William Goss June 19, 2013
Chalk it up to little more than happenstance that last year’s Oscar-winning documentary, “Searching for Sugar Man,” would make the festival rounds mere months before the arrival of “A Band Called Death,” as both films chronicle the triumphant re-discovery of unheralded musicians decades after their prime. A spoiler? Hardly. No one makes movies about the guys who never made it — well, no one besides David Chase. At any rate, directors Mark Covino and Jeff Howlett have crafted a rousing account of the Hackney brothers, three Detroit siblings who would not only constitute the rare all-black punk band, but do so in the mid-‘70s, very nearly beating the Ramones and the Sex Pistols to the punch.
It’s heartening to learn how Bobby, Dannis and David were encouraged to be well-rounded in their musical tastes in a city where, and at a time when, many acts restricted themselves to echoing the Motown sound. As Death, these three recorded a little-heard demo in 1974, but when their steadfast integrity against changing the band’s name cost them a potential recording contract, the master tapes were stashed away in the attic and the brothers went their separate ways.
Initially, “Band” feels a bit too heavily steeped in well-intended hagiography, but between the glowing stories emphasizing David’s passion and genius in particular, his absence from the present-day interviews is keenly felt and eventually explained. The fact that the story takes a turn towards the tragic isn’t hard to see coming, but the shift in focus from a fledgling band to a grieving family, from dreams to disappointment, widens the scope beyond rock-doc routine into a potent encapsulation of the turmoil of real life. It’s not as if the filmmakers could have helped it, of course, but this move consequently ensures that the band’s climactic resurgence earns its intended emotional punch, with Alice Cooper, Henry Rollins, Elijah Wood and half a dozen savvy vinyl collectors testifying and tracing the course of Death into its very own afterlife.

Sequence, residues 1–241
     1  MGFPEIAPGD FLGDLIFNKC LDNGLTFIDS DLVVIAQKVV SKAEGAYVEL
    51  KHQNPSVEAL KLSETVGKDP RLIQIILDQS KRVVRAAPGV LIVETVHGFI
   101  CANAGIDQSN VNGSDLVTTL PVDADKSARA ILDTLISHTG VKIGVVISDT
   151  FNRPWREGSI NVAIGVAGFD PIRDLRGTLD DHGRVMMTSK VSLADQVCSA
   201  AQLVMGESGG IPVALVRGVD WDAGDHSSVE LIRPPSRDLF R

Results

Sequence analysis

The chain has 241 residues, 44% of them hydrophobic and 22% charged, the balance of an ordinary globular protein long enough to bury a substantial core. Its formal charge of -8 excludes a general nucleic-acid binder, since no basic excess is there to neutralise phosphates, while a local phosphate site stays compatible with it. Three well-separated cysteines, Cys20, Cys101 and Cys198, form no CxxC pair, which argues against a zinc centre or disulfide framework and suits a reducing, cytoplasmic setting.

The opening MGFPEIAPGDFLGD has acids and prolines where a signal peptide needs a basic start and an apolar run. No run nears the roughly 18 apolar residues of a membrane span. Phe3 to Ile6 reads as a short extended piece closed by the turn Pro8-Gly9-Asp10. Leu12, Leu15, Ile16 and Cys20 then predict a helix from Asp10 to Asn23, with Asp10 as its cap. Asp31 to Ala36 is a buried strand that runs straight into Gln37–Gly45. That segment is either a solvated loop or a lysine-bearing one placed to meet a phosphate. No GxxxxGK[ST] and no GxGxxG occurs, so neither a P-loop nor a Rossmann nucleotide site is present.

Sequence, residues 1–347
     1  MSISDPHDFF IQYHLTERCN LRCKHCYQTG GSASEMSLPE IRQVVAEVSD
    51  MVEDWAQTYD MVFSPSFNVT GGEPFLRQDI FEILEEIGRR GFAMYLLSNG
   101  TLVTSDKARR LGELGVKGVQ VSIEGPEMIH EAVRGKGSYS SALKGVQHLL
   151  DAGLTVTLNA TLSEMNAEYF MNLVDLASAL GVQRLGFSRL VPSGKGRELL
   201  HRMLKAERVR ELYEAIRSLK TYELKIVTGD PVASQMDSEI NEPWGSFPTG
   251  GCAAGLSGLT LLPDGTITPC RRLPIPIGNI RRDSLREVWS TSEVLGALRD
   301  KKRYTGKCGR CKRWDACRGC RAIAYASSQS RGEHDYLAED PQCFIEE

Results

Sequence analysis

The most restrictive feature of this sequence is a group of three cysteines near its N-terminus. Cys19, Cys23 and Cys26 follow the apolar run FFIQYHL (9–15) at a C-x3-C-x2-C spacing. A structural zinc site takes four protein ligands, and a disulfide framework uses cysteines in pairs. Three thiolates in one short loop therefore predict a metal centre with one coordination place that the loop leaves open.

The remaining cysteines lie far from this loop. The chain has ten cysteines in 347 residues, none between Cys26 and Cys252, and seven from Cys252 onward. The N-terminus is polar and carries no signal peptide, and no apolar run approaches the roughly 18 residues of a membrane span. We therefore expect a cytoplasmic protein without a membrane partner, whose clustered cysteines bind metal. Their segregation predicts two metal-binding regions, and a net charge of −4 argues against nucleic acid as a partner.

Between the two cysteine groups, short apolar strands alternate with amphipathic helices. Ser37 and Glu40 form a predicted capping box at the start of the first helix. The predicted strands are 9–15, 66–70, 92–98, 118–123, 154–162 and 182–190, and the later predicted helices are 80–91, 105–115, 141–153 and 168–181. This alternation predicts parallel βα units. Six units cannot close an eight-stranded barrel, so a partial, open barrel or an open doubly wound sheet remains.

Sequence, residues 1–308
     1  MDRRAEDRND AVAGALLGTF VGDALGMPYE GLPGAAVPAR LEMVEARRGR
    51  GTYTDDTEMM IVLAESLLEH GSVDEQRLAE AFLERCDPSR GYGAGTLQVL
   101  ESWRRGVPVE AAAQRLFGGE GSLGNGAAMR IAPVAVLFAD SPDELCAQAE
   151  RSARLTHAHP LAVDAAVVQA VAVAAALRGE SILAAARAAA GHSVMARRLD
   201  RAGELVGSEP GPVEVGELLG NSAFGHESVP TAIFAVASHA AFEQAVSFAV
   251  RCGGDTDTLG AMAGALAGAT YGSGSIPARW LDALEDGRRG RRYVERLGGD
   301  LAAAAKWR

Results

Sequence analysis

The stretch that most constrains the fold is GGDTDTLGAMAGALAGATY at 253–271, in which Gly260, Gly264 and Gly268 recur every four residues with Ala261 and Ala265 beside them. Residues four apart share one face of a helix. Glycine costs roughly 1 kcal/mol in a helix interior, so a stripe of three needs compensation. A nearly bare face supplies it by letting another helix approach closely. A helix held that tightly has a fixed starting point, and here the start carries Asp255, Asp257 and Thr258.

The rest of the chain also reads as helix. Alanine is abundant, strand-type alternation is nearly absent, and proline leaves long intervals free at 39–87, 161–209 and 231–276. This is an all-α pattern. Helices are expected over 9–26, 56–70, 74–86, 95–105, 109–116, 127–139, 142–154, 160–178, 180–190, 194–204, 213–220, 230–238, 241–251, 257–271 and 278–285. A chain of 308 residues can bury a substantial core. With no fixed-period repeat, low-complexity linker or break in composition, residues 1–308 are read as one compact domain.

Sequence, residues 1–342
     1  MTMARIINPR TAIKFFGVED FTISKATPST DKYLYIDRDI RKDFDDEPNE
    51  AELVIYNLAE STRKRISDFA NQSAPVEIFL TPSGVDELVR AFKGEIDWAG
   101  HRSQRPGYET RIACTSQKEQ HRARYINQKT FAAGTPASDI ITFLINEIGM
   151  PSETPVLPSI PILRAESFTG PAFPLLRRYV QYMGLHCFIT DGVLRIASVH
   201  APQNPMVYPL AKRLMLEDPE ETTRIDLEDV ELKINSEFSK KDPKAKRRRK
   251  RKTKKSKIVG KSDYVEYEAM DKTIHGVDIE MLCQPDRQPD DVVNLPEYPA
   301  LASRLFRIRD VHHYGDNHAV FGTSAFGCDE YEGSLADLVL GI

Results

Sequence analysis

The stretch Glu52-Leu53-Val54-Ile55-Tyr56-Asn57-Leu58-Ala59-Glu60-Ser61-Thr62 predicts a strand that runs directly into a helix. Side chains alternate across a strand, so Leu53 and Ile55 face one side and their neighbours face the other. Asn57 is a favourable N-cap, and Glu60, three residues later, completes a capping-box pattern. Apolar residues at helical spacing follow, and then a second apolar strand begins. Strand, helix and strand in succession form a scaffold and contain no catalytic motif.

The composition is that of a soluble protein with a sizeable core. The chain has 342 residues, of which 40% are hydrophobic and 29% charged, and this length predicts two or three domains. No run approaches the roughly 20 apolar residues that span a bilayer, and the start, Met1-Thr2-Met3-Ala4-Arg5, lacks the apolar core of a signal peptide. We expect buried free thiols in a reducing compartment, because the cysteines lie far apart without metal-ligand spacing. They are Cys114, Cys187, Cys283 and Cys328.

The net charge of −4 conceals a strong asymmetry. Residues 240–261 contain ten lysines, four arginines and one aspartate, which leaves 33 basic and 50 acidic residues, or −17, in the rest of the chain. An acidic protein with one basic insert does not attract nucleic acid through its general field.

Covino and Howlett’s work in tracking the band’s trajectory comes off as a touch more transparent and forthright than the still-heartwarming “Sugar Man” did, and in lieu of that film’s animated interludes, still images are manipulated into effectively matching the energy of the soundtrack. Indeed, everything about “Band” boasts an expectedly professional sheen and verve, and yet it’s through all that polish and hindsight that a tale of raw talent can ultimately shine.
SCORE: 8.4 / 10
“A Band Called Death” is now available on VOD and iTunes. It will arrive in theaters on June 28.
Categories: ReviewsTags: A Band Called Death, Documentary, Drafthouse films, Music, Review, Searching for sugar man, William goss